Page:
For new parents, a baby monitor is a must-have. It can be an extra set of ears and even eyes to help keep tabs on a sleeping baby. Choosing the right monitor could mean the difference between true comfort and a false sense of security.
Consumer Reports tested 10 baby monitors. The models ranged from a basic unit that costs $25 to a more elaborate video setup costing $200. Interference is one of the biggest complaints from parents, so Consumer Reports recommends getting a digital unit.
Battery life is important if you want to unplug your monitor and take it with you. The tests found big differences. The battery charge on the Safety 1st True View video monitor didn't last even 3 hours. But the Sony BabyCall kept going for 28.
Consumer Reports also found that signal strength really varied. To evaluate, testers set up a transmitter near a soundtrack of a crying baby. Then they measured how far away they could move the monitor while still maintaining contact.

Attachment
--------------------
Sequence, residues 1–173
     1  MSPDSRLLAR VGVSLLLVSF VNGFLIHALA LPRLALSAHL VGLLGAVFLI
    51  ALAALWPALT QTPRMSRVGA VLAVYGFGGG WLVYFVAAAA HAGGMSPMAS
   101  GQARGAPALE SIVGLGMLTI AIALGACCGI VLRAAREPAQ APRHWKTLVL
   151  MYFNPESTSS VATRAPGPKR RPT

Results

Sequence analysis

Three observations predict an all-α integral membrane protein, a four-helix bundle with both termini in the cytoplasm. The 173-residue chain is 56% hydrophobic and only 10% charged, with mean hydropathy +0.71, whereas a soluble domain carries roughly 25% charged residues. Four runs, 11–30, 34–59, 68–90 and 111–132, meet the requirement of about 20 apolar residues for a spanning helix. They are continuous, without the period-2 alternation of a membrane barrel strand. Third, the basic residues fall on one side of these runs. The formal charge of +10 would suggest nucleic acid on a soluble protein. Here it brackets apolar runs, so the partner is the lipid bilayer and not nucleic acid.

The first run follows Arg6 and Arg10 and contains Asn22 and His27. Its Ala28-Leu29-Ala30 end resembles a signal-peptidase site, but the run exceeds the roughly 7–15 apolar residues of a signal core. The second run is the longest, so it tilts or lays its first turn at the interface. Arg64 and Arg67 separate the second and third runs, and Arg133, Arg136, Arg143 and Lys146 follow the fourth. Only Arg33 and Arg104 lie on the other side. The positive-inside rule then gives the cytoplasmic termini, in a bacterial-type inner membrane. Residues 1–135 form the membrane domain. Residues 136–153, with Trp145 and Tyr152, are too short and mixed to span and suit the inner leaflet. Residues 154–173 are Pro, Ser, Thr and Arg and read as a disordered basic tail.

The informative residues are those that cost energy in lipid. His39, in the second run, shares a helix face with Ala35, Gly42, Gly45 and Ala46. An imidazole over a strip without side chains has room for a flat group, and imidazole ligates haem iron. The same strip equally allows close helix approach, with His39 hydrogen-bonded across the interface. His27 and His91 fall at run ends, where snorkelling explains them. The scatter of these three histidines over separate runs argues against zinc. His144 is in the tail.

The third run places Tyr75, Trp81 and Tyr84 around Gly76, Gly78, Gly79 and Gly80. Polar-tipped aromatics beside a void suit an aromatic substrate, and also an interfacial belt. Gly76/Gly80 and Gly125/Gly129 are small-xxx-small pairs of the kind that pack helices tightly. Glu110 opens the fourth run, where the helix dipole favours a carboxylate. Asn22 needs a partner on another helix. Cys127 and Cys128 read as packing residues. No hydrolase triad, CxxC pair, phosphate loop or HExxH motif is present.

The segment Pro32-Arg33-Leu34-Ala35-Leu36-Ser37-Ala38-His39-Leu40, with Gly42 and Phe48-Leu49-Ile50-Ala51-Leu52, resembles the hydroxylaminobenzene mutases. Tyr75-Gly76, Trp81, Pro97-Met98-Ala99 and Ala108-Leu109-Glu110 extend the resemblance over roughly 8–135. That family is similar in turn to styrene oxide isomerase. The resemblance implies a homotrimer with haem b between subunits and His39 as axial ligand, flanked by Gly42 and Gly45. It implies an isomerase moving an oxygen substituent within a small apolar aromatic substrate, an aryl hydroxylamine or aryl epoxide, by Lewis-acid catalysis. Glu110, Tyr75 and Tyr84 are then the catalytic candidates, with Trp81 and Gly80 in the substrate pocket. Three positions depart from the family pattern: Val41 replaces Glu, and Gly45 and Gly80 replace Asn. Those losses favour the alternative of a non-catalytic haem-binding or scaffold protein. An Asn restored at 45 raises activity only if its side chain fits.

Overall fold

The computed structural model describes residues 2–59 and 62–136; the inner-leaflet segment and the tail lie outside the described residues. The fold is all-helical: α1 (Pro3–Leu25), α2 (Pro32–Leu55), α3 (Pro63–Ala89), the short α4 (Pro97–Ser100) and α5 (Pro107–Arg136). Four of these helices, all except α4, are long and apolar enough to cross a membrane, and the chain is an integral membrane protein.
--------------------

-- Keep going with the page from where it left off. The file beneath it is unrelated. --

All the monitors worked inside the test house, but if you have a larger home or if you want to do yard work during nap time, it may be a different story. Some monitors lost contact before the tester even stepped out of the house! That was just 37 feet.
A few monitors worked as far away as 400 feet. Among those was the top-rated Phillips Avent SCD510, $120. It's digital, so interference is not a problem, and it had excellent battery life.
A safety caution from Consumer Reports: There have been several cases of accidental strangulation when babies pulled the transmitter cord into the crib. So even if your child is not yet standing or crawling, it's essential to keep the transmitter well out of reach.